Skip to main content

Form 1099-MISC for Missions Support

Question:

Should the following items be included on Form 1099-MISC?
1. Checks to visiting pastors and missionaries from congregational love offerings 

2. Medical insurance coverage for pastors
3. Mission support from church fund to missionaries 


Answer: 

1. These amounts are reportable on Form 1099-MISC if the total amount given to the non-employee (visiting pastor or missionary) for the year totals at least $600.

2. Medical insurance coverage for pastors (who are properly classified as employees) are not reportable on Form 1099-MISC. For employers filing 250 or more Form W-2s, employee medical insurance is reported as Code DD in Box 12 of the W-2. At least for 2012 (W-2s prepared by January 31, 2013), employers with fewer than 250 employees are not required to report these amounts. IRS Issues Interim Guidance on Informational Reporting of Employer Sponsored Health Coverage
  
3. Mission support paid directly to another 501(c)3 organization (e.g. a mission agency) is not reportable on Form 1099-MISC. However, compensation given directly to a missionary from a church's mission fund is reportable to the missionary on Form 1099-MISC if the amounts total $600 or more for the year. These amounts would be reported on Box 7 of the Form 1099-MISC.

Comments

  1. What if the person that we support is in another country? What do we do about their 1099 info

    ReplyDelete
  2. Situations such as yours are universally dependent on the specific facts and circumstances of each case. Resolution will likely require professional assistance.

    ReplyDelete
  3. If we as a church support several missionaries directly at more than $600 per year, are we REQUIRED by the IRS to file a 1099, or should we only do so if the missionary requests it?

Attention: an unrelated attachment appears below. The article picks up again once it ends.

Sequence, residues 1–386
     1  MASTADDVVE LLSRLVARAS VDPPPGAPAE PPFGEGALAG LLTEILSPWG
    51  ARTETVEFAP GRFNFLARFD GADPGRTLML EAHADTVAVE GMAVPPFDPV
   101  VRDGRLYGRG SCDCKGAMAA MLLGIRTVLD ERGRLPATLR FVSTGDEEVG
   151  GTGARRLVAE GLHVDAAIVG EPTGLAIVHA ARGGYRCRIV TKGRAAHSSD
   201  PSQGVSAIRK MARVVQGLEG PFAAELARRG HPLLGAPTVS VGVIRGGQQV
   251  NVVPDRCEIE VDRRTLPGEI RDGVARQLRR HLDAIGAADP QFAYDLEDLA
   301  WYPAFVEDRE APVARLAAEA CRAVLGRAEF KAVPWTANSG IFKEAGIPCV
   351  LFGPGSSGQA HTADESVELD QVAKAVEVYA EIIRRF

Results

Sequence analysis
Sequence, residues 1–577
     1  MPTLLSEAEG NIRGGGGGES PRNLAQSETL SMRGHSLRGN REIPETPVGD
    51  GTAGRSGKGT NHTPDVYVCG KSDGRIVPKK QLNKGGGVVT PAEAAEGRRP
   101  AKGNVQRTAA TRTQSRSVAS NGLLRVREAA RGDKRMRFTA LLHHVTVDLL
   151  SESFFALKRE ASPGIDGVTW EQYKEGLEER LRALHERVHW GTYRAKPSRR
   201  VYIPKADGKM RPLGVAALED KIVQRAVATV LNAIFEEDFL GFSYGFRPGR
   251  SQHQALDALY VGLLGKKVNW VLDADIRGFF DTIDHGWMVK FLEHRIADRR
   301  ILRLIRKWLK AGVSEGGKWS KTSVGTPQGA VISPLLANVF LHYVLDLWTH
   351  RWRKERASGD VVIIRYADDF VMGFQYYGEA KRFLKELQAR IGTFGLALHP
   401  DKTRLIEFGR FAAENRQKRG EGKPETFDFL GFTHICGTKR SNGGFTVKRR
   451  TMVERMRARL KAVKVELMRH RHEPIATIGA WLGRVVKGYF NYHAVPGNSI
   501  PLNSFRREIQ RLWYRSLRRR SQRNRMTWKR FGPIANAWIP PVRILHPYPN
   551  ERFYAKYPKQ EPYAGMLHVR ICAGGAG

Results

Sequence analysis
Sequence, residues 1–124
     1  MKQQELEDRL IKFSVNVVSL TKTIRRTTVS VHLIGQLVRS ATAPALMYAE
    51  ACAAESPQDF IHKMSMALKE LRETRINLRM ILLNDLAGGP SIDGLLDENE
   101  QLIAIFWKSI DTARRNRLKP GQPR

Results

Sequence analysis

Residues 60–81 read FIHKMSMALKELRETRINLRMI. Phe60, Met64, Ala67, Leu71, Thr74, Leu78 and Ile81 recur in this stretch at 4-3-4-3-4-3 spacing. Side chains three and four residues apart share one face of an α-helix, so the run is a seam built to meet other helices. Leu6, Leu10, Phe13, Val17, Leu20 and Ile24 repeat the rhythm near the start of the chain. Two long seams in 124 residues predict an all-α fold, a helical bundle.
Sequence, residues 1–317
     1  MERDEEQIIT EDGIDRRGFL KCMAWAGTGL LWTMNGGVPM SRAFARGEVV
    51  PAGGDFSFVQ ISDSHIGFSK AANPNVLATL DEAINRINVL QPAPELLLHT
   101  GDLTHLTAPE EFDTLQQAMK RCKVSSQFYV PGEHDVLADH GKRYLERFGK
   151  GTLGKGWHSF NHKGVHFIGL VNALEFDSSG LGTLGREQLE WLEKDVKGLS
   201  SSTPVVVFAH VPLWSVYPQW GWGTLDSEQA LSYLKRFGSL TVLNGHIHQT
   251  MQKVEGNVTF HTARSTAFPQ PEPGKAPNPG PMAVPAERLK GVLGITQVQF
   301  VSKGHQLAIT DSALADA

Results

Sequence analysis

ReplyDelete
    Replies
    1. See https://www.irs.gov/instructions/i1099msc/
      for instructions regarding requirements to file Form 1099.
      But in general, according to the IRS the payer has responsibility to report payments to nonemployees.

      Delete

Post a Comment

Popular posts from this blog

Qualified Small Employer HRAs

On December 13, 2016, President Obama signed the 21st Century Cures Act, allowing qualified small employers to offer Health Reimbursement Arrangements (HRA) that follow certain terms.

After the Affordable Care Act was passed, the IRS originally determined that an HRA was not a qualified group health plan. The Cures Act overrules this decision. HRAs are again an option for qualifying small employers.

To be eligible, the small employer must have fewer than 50 employees and must not offer a group health plan to any of its employees.

The Qualified Small Employer Health Reimbursement Arrangement (QSEHRA) must be subject to the following terms.
No salary reduction contributions may be made (i.e., 100% employer-funded).Employer must receive proof of employee’s minimum essential coverage.Reimbursements must be for qualifying medical expenses.Reimbursements for any year cannot exceed $4,950 (or $10,000 for family coverage), which will be adjusted annually for inflation.Employer must offer the …

Gifts Paid Out of Church Funds: Form 1099-MISC Requirements

Question:
 A church gave a wedding gift of $1000 to a couple who are church members. No goods or services were provided by the couple in exchange for the gift.  Is a Form 1099-MISC required? 
Answer: In the following answer, we assume that the couple are not employees of the church from whom the gift could not be viewed as compensation for their services. Also, the amount seems to be small enough to avoid any concerns of "private inurement."

Accordingly, no Form 1099-MISC is required. According to the 2017 IRS Instructions for Form 1099-MISC a Form 1099-MISC is only required for payment of goods or services. The requirements are as follows:
"File Form 1099-MISC, Miscellaneous Income, for each person to whom you have paid during the year:  At least $10 in royalties (see the instructions for box 2) or broker payments in lieu of dividends or tax-exempt interest (see the instructions for box 8);  At least $600 in:  1. Rents (box 1);  2. Services performed by someone who is not your …

Revised Form I-9 Released

The U.S. Citizenship and Immigration Services released a revised Form I-9. All new hires after January 21, 2017, must complete the revised Form I-9. All prior released versions of Form I-9 will be invalid for new hires.

Employers are required to have a completed hard copy of Form I-9 on file for each employee. Current employees do not need to re-complete the revised form.

More information on Form I-9 can be found on the USCIS website.